our hydroxide and ion. Let's go ahead and do that math. All right, so we have the negative log of .2 and we get .70. All right, so the pOH
is equal to .70 here, 0.70 and to find the pH all we have to do is remember another formula. pH plus pOH is equal to 14, so if we plug in the pOH as .7 right here. 14 minus .7 obviously
is gonna give you 13.3. We get the same answer for the pH no matter how we do this problem. All right, let's do one
more calculation here. Let's look at what we're
given for our problem. Calculate the pH of an aqueous solution that contains 0.11 grams
of calcium hydroxide in a total volume of 250 milliliters. All right, so if we
have calcium hydroxide, if we're going to have an aqueous solution of calcium hydroxide, let's look at what we're gonna get here. We're going to get
calcium ions in solution. All right, and we're
also gonna get hydroxide and ions in solution but if you balance this you need a two here so for every one mole of calcium hydroxides dissolved in water,
you're gonna get two moles of hydroxide ions. Let's first figure out how many moles of calcium hydroxide we have. Over here we have .11
grams of calcium hydroxide, let me write that down here, .11 grams of calcium hydroxide. One way to think about finding the moles is to divide by the molar mass. The molar mass of calcium hydroxide is 74 grams per mole. If we divide .11 grams by 74 grams per mole, the grams would cancel and we would get moles here. Let's do that on the calculator, so .11 divided by 74 is equal to .0015. So we get .0015 here, so 0.0015 is how many moles, that's how many moles
of calcium hydroxide, so let me emphasize this here. This would be the, if we have these many
moles of calcium hydroxide, how many moles of hydroxide ions would we have in solution? All right, we would have twice that number because we have this
ratio here of one to two. We need to multiply that number by two. By two to figure out how many moles of hydroxide ions we have. That number times two would be 0.0030 moles and now we're talking about
moles of hydroxide ions. Over here we're talking about moles of calcium hydroxide and here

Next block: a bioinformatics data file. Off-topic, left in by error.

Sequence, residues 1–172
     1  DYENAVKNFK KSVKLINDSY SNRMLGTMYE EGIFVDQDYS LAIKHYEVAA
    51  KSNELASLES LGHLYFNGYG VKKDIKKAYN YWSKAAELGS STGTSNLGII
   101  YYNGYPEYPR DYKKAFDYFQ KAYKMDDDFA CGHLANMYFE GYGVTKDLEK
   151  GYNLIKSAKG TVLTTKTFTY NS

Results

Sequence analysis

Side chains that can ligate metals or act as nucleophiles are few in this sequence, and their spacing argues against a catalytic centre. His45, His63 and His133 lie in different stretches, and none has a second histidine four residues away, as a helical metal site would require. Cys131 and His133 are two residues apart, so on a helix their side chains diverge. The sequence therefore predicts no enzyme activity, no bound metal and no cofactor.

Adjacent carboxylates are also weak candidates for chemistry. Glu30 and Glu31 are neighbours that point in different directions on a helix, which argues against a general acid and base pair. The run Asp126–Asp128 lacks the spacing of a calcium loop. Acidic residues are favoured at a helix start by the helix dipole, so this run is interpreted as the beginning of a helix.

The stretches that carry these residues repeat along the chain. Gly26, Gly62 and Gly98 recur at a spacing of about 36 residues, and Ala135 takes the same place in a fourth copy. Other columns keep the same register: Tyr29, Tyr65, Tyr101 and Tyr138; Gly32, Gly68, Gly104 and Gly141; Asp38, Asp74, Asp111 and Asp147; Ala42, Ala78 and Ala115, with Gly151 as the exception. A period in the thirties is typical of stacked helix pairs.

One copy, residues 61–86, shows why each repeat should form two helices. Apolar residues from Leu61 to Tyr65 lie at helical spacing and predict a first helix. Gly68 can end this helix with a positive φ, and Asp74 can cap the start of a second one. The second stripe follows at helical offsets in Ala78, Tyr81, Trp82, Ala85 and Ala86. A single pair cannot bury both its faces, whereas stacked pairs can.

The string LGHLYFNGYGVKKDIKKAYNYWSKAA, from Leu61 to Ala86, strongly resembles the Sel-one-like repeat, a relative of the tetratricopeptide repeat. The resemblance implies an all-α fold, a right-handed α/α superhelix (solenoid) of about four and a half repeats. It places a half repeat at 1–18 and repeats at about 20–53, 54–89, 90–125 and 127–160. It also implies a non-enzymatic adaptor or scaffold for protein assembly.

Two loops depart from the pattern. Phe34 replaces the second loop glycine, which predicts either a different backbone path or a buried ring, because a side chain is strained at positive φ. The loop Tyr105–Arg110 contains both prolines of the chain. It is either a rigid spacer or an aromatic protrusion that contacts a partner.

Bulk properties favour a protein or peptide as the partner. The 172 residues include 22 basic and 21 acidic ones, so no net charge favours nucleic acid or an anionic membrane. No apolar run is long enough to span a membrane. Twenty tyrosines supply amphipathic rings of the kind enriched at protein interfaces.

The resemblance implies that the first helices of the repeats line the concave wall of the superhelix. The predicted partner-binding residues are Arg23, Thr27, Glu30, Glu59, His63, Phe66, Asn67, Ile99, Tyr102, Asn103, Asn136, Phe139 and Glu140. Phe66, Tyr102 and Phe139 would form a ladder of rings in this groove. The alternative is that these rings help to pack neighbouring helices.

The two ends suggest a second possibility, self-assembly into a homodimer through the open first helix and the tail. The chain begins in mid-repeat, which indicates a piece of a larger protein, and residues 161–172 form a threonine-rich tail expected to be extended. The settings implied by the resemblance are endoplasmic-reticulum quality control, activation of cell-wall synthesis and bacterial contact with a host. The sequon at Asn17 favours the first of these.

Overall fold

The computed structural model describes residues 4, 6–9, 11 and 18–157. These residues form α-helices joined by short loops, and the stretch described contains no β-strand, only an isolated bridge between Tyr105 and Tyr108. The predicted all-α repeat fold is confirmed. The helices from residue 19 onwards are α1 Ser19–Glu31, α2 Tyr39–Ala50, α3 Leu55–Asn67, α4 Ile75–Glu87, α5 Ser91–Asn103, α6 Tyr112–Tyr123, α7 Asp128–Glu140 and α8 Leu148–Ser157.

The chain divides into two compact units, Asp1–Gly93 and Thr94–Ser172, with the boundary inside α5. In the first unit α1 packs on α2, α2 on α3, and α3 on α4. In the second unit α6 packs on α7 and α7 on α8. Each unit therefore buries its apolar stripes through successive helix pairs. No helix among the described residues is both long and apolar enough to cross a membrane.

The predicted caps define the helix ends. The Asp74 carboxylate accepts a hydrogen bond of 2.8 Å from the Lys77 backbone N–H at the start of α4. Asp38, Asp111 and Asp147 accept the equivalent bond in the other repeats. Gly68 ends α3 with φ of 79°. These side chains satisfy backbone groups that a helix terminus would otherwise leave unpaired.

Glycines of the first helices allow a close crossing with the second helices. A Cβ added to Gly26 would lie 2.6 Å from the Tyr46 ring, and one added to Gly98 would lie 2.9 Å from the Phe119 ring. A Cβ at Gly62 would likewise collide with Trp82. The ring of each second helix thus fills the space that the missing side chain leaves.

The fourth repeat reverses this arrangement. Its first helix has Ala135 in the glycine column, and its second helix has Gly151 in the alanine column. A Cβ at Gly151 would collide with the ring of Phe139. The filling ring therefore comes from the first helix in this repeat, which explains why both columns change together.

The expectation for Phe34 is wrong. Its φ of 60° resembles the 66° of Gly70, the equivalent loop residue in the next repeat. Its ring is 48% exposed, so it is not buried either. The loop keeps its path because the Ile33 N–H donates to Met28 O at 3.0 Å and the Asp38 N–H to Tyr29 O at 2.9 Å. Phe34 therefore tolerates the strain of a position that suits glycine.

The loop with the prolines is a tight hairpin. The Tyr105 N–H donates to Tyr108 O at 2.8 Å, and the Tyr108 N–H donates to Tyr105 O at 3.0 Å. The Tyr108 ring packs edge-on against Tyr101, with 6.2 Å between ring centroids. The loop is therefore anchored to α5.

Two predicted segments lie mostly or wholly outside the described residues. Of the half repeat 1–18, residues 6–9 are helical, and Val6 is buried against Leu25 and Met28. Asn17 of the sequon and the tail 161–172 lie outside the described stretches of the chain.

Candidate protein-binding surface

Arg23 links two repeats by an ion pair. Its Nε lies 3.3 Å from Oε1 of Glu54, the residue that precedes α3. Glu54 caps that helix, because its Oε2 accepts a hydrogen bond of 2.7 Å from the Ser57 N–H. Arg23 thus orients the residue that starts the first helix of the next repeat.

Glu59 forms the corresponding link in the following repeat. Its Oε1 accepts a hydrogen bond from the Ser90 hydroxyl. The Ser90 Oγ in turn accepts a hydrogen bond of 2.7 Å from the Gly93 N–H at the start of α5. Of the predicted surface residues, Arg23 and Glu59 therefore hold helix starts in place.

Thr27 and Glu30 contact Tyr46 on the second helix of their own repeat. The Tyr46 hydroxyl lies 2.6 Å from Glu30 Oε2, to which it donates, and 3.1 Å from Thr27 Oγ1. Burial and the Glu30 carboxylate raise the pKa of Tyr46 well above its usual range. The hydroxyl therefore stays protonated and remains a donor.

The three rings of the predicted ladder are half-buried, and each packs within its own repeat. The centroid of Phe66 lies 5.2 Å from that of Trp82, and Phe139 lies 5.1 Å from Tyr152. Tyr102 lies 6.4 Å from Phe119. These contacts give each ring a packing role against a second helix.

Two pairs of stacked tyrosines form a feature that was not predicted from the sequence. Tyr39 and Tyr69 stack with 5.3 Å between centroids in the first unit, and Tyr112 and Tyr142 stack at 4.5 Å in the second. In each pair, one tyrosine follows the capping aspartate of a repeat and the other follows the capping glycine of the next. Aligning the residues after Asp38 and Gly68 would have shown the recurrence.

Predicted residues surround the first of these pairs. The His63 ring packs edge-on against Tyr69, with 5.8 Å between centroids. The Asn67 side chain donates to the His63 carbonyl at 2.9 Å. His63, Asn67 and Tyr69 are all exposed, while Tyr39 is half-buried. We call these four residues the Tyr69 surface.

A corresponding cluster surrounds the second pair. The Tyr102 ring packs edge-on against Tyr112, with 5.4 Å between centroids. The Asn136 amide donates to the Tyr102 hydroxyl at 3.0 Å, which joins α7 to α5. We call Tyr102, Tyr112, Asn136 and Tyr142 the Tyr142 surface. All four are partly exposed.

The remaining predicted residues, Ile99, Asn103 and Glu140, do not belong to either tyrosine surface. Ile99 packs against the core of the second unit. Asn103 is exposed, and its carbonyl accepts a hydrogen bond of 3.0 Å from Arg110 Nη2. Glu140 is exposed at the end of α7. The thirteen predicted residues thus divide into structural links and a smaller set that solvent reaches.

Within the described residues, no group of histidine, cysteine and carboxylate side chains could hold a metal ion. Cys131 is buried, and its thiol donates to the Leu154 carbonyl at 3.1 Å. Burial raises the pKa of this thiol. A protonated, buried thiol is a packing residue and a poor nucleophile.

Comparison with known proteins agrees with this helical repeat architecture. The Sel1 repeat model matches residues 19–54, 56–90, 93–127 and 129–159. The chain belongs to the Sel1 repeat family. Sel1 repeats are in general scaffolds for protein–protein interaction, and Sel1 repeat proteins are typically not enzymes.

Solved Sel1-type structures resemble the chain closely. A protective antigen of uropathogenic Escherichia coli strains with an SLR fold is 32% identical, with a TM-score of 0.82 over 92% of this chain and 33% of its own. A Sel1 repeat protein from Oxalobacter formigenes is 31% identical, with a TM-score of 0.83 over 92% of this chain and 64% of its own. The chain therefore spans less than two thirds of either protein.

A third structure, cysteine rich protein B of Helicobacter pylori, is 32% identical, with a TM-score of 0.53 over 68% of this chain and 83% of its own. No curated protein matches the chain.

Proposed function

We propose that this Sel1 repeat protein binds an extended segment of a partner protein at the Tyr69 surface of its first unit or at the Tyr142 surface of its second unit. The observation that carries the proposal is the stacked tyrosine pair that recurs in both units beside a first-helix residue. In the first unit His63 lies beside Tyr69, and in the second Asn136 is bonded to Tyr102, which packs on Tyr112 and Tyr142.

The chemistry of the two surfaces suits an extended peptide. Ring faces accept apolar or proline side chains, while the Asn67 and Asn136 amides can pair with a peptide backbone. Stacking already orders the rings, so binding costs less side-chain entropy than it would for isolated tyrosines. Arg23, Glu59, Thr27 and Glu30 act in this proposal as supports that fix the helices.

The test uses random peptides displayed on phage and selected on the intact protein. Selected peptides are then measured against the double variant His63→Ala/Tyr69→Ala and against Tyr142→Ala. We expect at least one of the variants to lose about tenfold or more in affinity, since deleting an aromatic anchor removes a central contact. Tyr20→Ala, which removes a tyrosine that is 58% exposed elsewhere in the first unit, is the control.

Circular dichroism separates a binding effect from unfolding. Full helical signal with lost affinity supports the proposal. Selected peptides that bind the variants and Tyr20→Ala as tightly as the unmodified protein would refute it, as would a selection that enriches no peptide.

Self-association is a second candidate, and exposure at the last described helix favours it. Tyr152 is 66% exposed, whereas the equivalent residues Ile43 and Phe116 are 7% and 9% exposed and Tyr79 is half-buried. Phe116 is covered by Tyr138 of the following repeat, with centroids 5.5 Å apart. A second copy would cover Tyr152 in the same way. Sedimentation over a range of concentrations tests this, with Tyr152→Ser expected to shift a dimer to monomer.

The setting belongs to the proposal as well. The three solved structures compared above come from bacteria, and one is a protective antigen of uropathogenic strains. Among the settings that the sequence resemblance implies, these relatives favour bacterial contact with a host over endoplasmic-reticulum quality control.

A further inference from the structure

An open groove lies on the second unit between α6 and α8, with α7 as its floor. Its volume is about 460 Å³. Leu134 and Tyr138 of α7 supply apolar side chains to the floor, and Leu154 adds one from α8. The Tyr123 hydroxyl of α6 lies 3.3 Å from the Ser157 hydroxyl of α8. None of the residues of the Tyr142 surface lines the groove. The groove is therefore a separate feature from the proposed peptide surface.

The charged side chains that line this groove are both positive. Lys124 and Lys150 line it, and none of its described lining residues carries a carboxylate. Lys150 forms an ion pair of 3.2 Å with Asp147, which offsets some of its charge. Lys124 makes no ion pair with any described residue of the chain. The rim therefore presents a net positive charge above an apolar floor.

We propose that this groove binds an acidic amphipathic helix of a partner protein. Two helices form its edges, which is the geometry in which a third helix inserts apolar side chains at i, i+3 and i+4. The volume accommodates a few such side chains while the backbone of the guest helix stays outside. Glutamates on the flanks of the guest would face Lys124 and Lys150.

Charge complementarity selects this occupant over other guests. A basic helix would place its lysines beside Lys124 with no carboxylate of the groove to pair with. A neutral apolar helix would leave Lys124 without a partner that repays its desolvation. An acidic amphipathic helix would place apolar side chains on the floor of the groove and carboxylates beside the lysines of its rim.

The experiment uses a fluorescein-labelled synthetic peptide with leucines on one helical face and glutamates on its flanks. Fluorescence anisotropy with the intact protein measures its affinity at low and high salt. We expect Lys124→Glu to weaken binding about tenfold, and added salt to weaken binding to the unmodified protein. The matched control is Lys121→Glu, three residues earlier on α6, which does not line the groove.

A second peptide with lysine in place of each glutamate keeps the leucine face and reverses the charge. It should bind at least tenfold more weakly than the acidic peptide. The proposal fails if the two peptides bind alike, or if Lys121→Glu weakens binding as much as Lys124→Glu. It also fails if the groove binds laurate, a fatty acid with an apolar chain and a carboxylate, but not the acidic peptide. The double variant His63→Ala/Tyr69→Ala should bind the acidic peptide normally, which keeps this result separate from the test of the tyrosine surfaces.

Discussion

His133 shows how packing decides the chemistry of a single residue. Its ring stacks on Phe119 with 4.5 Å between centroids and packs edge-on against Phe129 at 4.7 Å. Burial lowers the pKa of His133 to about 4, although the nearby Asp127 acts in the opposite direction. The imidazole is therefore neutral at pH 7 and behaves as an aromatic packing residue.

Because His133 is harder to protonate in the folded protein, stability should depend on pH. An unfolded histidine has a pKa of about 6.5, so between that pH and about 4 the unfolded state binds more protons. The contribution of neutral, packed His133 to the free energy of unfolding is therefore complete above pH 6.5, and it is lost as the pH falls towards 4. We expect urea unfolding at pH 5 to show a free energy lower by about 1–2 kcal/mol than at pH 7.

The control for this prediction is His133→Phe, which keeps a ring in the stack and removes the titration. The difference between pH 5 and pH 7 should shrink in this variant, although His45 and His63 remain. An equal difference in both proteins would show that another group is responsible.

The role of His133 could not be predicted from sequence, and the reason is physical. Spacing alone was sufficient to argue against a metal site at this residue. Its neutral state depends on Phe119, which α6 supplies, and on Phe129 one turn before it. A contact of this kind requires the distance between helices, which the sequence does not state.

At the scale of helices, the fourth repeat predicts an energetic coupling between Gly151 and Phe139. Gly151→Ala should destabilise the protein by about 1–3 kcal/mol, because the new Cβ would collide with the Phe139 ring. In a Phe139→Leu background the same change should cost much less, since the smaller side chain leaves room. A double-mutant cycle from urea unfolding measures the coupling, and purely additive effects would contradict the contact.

we have moles of hydroxide. All right, so let's figure
out the concentration of hydroxide ions in our solution and concentration would be moles over liters, all right, liters of solution here. Our total volume is 250 milliliters. We convert 250 milliliters into liters. Right now just be one, two, three, so .25 liters. 0.0030 divided by .250 liters, that's gonna give us the
concentration of hydroxide ions. This gives us concentration of hydroxide and let's do that calculation here. Let's get some room, we have .0030 divided by .250 and we get .012 molar. All right, so this is .012 molar for the concentration of hydroxide. Now that you have the concentration of hydroxide ions and solution, you can find the pH
using one of the two ways that we talked about above. All right, so you could
go for this equation, hydronium ion concentration times hydroxide ion concentration is equal to 1.0 times
10 to the negative 14. All right, and you could take this and plug it into here. You get x times 0.012 is equal to 1.0 times
10 to the negative 14 and let's get a little bit more room here and let's do this
calculation really quickly. We have 1.0 times 10 to the negative 14. We're gonna divide that by .0. Actually let me do that again. We're going to divide that by .012 and this is going to give us 8.3 times 10 to the negative 13. All right, so let's write this down, x is equal to 8.3 times 10 to the negative 13. Remember what x referred to, x referred to the
concentration of hydronium ions so this is the concentration
of hydronium ions which means we can now calculate the pH. All right, the pH be
equal to the negative log of that concentration. The negative log of 8.3
times 10 to the negative 13. Let's do one more final calculation here. We're gonna do negative log of 8.3 times 10 to the negative 13, and we're going to get 12.08. All right, so the pH is equal to 12.08 and we're finally done with our problem here. Notice the pH is in the base range, so calcium hydroxide is a base.